Compare and Contrast Mapping
A sizable portion of NVIDIA's presentation discusses how things are typically done, with each situation compared to the way Ansel operates. I'll go over three of these:
- Problems stitching game images
- Inconsistent detail when taking high-resolution shots of game assets
- Depth perception in 360-degree images
The first problem is that, when you stitch game images by hand, the engine has no idea what you are doing. Most titles over the last decade have switched to HDR rendering, which allows the game camera to adapt to different light intensities. Going outside this range provides bloom, which, at the time, gamers thought was the only purpose of HDR, but it also allowed artists to create scenes without tuning a specific lighting profile.
To see what I mean, play the outdoor mission of Doom 3 (2004) or the indoor missions of Battlefield 2: Special Forces (2005). The lighting looks terrible, and a good portion of that reason is because the artists were fighting the game's baked profile. Halo 2 was funny: each level had an artist-defined light profile for outdoor, and an artist-defined light profile for indoor. The engine would switch between the two based on where the character is. Of course, the correct way to do this is by rendering all possible lighting values, which is why we call it High Dynamic Range Rendering, and crushing the result in post-process just before it's output to your display. This allows the lighting profile to smoothly transition as you move around the environment.
If you are stitching a photograph, however, you will need to move the camera. Again, moving the camera changes the lighting profile. You do not want the lighting profile to change within a single image. At this point, you are stuck. The engine has already crushed the information you require into a presentable frame, and it's gone. In Ansel's case, post-processing doesn't need to happen on every tile individual. As such, NVIDIA has programmed it to wait until all of the images are stitched together, and this processing only happens once.
The second issue is that, when you blow up an image, the game doesn't really know that you don't care about real-time performance. If your camera is a few hundred yards away from a tiny object, the game engine will drop it down to its lowest priority — why load a 2048×2048 texture for something that probably takes up two pixels of a 1080p screen? Well, at 4.5 gigapixels, that could matter. Ansel solves this by signaling to the game to always use its highest detail assets. This will dramatically decrease your performance, but who cares? You've paused time to compute a 4.5 gigapixel image! You might as well make it a good one!
The third issue is that, when creating a stereoscopic 3D image, you need to have a good separation between the left and right camera. In a 360 photosphere, this means that the camera needs to move as it captures detail that's not directly forward, and do so mathematically precise. The fix is to lock both cameras to a pivot in the center of the head, but it looks wrong if you don't, and it probably complicates the stitch (because each center isn't a fixed point in space).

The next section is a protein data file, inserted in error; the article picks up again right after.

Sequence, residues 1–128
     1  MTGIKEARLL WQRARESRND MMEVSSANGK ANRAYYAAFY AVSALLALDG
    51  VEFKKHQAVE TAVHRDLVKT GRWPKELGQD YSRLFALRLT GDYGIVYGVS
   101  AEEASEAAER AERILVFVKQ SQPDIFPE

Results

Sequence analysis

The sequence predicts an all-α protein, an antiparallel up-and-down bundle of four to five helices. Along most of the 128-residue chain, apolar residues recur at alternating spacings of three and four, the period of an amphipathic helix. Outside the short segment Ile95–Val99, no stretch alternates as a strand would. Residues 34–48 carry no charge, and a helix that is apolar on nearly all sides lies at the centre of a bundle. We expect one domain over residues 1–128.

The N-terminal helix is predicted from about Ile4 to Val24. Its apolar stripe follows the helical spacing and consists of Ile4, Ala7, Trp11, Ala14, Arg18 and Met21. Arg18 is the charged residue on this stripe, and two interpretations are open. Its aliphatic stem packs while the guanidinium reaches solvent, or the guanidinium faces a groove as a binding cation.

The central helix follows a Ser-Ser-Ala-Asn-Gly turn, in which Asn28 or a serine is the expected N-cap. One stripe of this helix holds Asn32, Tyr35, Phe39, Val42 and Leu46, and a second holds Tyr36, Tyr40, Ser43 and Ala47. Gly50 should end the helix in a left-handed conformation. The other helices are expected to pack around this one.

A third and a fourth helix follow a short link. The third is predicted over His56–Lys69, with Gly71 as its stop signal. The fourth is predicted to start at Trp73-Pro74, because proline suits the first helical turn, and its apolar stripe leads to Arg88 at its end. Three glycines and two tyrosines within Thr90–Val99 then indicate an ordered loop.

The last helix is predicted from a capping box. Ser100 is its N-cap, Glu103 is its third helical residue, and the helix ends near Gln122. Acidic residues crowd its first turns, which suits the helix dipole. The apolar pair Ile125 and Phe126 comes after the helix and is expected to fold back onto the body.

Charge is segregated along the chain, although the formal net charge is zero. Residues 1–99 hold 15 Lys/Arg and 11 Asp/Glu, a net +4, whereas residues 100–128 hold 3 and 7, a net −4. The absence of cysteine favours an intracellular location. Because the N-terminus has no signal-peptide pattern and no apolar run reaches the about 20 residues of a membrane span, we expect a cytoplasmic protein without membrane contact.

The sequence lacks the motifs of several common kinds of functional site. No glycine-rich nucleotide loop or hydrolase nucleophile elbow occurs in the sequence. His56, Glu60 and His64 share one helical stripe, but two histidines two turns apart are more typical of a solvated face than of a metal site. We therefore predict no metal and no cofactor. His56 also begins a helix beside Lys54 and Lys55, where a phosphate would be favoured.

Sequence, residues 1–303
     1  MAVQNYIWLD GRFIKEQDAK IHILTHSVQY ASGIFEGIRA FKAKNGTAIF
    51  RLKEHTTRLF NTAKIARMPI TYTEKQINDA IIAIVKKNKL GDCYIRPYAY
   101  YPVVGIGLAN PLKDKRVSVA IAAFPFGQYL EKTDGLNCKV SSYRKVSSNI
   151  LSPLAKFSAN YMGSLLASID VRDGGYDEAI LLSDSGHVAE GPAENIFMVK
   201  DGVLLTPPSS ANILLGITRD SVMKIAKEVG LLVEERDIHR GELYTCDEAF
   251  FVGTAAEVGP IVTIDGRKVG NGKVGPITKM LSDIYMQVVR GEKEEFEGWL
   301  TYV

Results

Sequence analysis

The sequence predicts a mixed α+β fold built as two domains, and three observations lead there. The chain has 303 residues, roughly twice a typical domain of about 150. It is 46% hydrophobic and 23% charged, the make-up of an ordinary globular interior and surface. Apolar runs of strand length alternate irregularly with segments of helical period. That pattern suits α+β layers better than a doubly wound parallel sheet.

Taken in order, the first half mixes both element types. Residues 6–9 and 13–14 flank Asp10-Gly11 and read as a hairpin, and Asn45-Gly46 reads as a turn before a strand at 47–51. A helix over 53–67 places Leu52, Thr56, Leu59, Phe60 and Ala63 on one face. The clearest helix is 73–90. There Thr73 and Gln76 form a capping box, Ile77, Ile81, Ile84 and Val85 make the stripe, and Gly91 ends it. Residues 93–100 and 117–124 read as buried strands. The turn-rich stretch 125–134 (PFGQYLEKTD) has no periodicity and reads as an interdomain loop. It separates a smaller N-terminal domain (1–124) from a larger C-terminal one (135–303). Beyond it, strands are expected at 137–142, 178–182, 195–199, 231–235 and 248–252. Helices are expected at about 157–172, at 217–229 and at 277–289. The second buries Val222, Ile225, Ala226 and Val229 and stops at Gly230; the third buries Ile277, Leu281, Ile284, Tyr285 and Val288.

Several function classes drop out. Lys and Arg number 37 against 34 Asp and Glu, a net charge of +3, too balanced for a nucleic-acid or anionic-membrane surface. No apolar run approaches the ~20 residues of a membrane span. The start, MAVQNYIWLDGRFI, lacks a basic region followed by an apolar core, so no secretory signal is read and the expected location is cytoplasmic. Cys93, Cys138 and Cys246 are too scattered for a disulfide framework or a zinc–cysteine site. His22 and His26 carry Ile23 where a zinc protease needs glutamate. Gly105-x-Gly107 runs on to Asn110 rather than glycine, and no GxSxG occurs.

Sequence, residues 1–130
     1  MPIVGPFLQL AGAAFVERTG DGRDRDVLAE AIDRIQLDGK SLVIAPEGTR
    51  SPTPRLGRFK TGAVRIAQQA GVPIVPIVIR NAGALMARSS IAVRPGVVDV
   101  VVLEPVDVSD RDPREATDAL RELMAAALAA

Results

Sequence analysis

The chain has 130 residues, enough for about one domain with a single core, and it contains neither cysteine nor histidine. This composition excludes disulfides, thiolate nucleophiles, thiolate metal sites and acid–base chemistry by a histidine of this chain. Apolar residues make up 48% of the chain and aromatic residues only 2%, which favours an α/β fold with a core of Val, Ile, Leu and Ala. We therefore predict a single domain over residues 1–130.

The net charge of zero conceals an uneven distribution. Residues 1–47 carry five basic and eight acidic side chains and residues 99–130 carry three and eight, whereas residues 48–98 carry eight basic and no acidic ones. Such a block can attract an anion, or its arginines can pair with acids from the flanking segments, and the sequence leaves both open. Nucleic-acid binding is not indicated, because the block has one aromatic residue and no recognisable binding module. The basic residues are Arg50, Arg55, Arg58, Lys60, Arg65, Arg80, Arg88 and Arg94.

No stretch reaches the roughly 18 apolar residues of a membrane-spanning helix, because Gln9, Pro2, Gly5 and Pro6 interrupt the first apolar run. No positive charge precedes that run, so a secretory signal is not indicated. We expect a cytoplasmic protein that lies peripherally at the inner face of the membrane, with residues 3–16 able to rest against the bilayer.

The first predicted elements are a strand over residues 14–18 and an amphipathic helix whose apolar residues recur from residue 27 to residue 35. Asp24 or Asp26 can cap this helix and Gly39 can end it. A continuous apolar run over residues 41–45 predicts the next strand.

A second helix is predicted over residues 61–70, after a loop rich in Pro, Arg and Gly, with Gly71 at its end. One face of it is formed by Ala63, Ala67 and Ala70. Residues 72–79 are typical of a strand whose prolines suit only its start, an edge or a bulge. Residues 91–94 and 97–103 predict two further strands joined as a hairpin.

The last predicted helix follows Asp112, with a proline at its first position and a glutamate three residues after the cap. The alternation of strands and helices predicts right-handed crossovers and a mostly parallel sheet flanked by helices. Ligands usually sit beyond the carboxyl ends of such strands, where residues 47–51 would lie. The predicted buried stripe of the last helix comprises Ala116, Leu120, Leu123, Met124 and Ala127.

Looking Forward (and Conclusion)
Especially if it becomes a success, there is a lot of room for NVIDIA to improve upon Ansel in the future. Near the end of the presentation, a guest asked whether Ansel could be integrated with ShadowPlay. The NVIDIA presenter responded, “So the question is can we implement it with ShadowPlay and that's a great idea. Stay tuned.” This was followed by what I would describe as slightly-devious laughter.
But let's think about that for a second. It would be clearly impossible to stream 4.5 gigapixels, let alone render it, at all times. What might be possible, and they're strongly suggesting that they've thought of something, is that the SDK might give them the ability to record the desired information to re-generate a block of time. Will this mean that Ansel can be extended to video itself? Who knows.
As for game support — NVIDIA is comfortable to announce nine titles:
- Tom Clancy's The Division by Ubisoft
- The Witness by Thekla Inc. (Jonathan Blow)
- LawBreakers by Boss Key Productions (Cliff Bleszinski's new company)
- The Witcher III: Wild Hunt by CD Projekt Red
- Paragon by Epic Games
- Fortnite by Epic Games
- Unreal Tournament by Epic Games
- Obduction by Cyan Worlds
- No Man's Sky by Hello Games
As of this moment, I do not have access to Ansel. All we have to go on is NVIDIA's presentation, which included a handful of controlled demos. Like everything, we should avoid expectations until it ships and can be used, or tested by third-parties (if applicable). As I said at the start, though, in-game photography is interesting. Even in Unreal Engine 4, I had some fun with the high resolution screenshot console command to take 8K stills of their high-quality environments, like the Elemental Demo scene. I could see myself playing around with that in a few shipped video games, and, more importantly, seeing what others create and sharing their personal experiences.